A few years ago, pre-baby, I met a co-worker who had my "dream career." She had returned to copywriting full-time at the advertising agency where I worked, following a five-year "sabbatical" to stay at home and raise her two children. During the time she was a stay-at-home, she also wrote for clients on a freelance basis, and taught an undergraduate copywriting course at a local arts college.
I inquired why she would abandon such an amazing set-up? While grateful to have the option to stay at home with her children, she responded that the past five years had been the toughest of her life. Now she was grateful for the serenity to fully focus one just one task -- her career -- each day.
Now that I am a working mom juggling a non-traditional career and child-rearing, I know that the job requires you to "wear many hats," usually at the same time. When I worked full-time, I yearned for the flexibility in the day to balance work and family. Now that I have what I wanted, I wonder whether I really chose the easier path. A mom still driving to the office each day will likely say I did. The moms who won't find time to shower until later today, much less put on makeup or don professional attire, might think otherwise. It's our natural predisposition to view someone else's grass as greener. I'm also certain that I accomplish more now than when I worked in an office full-time. Yet I still marvel at how frequently my days fly by, often leaving very little to show for my effort.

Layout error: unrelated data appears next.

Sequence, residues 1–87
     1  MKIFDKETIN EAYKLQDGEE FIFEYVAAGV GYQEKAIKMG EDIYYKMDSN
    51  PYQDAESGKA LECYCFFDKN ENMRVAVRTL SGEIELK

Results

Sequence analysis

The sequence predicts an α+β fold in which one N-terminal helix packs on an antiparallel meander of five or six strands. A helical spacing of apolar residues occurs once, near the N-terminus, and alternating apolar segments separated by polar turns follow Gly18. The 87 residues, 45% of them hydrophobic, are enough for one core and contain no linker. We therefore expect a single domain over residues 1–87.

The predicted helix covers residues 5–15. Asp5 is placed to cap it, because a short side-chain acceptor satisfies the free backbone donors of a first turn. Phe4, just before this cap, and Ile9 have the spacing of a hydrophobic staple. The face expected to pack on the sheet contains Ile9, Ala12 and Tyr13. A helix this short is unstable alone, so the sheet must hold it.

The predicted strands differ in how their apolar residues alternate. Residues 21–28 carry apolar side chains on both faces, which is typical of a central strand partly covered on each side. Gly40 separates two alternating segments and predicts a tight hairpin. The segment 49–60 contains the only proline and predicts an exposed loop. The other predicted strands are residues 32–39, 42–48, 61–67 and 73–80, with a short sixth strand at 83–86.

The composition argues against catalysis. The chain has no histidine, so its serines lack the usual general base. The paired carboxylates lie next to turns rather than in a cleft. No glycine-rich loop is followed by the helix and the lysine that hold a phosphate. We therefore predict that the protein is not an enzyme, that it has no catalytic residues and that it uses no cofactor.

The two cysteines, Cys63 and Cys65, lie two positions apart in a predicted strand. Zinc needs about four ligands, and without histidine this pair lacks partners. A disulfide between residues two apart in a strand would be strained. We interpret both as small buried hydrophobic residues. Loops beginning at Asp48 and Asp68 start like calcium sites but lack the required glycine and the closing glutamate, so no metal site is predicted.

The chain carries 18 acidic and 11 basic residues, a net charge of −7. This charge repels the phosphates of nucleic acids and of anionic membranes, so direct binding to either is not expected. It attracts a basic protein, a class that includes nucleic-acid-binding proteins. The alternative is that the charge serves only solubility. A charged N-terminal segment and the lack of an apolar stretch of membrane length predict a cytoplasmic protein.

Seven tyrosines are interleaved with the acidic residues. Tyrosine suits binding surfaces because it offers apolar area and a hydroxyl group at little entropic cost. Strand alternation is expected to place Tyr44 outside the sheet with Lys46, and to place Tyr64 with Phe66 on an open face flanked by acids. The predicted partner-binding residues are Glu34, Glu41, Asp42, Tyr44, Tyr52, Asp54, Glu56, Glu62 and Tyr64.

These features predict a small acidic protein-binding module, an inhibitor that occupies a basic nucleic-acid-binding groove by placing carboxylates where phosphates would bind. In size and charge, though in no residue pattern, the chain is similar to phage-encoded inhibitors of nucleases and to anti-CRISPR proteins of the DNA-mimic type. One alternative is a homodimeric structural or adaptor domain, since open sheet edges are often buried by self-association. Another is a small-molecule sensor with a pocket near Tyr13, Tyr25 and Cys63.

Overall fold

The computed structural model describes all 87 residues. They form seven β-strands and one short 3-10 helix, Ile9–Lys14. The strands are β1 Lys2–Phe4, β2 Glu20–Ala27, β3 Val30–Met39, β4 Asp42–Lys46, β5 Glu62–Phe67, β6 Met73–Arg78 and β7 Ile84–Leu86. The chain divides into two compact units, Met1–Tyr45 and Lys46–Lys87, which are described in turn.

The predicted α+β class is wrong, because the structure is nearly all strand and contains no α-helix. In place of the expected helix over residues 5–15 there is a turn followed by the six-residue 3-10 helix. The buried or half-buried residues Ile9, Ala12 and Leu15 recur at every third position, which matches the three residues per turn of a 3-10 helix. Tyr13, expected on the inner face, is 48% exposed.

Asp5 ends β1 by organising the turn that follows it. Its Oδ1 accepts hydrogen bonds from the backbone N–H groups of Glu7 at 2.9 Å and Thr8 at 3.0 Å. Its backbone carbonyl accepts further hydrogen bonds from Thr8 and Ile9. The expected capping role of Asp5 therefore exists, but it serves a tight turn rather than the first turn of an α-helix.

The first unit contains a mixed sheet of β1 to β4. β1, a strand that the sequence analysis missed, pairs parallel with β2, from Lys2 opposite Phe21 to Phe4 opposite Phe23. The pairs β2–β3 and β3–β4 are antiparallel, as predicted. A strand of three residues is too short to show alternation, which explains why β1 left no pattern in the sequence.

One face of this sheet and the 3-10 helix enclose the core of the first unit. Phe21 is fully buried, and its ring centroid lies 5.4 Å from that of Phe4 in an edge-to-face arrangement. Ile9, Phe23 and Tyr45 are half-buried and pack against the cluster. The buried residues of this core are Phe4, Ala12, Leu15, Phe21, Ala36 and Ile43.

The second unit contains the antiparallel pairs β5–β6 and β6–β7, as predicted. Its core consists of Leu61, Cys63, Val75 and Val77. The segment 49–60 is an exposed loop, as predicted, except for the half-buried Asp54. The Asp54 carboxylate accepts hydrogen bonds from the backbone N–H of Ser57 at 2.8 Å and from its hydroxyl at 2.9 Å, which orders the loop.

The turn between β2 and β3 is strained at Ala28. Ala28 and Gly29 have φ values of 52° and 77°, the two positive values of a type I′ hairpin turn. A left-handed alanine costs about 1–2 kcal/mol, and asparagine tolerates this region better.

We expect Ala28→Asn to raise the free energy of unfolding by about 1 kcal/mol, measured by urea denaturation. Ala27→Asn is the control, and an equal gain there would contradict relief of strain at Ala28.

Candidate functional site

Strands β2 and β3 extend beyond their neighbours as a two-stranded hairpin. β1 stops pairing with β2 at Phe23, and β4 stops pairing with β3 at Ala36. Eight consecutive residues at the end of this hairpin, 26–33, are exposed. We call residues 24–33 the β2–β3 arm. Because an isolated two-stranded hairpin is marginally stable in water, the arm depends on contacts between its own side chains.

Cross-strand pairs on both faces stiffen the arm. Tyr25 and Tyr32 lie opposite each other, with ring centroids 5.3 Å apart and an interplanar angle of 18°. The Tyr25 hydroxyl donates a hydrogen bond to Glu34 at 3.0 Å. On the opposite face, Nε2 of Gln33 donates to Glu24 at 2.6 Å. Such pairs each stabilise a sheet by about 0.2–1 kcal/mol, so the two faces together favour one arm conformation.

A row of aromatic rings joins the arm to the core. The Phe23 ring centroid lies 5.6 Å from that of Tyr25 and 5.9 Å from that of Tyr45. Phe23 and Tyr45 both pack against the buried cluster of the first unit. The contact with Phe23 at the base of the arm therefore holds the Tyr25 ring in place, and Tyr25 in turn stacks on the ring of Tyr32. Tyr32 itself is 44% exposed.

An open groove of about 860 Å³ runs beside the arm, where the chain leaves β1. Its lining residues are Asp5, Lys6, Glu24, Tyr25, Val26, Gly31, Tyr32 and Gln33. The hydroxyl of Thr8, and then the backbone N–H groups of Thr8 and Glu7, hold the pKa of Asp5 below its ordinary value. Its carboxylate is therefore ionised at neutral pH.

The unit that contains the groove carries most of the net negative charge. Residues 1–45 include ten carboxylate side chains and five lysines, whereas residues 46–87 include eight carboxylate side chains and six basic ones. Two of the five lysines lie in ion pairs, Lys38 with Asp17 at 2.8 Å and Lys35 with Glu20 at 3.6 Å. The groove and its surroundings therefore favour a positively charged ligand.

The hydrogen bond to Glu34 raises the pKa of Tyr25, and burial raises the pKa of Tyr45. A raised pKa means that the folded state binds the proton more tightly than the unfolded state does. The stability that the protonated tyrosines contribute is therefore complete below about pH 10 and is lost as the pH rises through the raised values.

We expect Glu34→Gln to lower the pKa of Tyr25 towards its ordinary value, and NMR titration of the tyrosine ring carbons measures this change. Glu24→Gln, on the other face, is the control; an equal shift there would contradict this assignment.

When you work in a traditional role, you have structure, deadlines and team status meetings to review progress. This process of publicly displaying the fruits of your labor is part of what makes work rewarding. When you're going it alone at home, it can be difficult to feel accomplished.
Christopher Peterson, professor of psychology at the University of Michigan, wrote for Psychology Today on the idea of goal-setting. He says that "sometimes we do not know what is worth doing until we actually do it and reflect upon it." I'm not suggesting busy moms add one more task in the form of self-introspection. Just make a list.
Track everything you do as a stay-at-home working mom for a week. Take note of what your days entail at the conclusion of it. If at least 75 percent of it is what you'd consider "productive" (dedicated to your health, family, mental well-being, or career), you're doing well. In fact, a Microsoft productivity study of US workers found that those who work 45 hours a week in the office say 16 hours of that time is not productive.
Taking time to pat yourself on the back and recognize all that you do, thankless or not, can help to keep the choices you've made rewarding and fulfilling.
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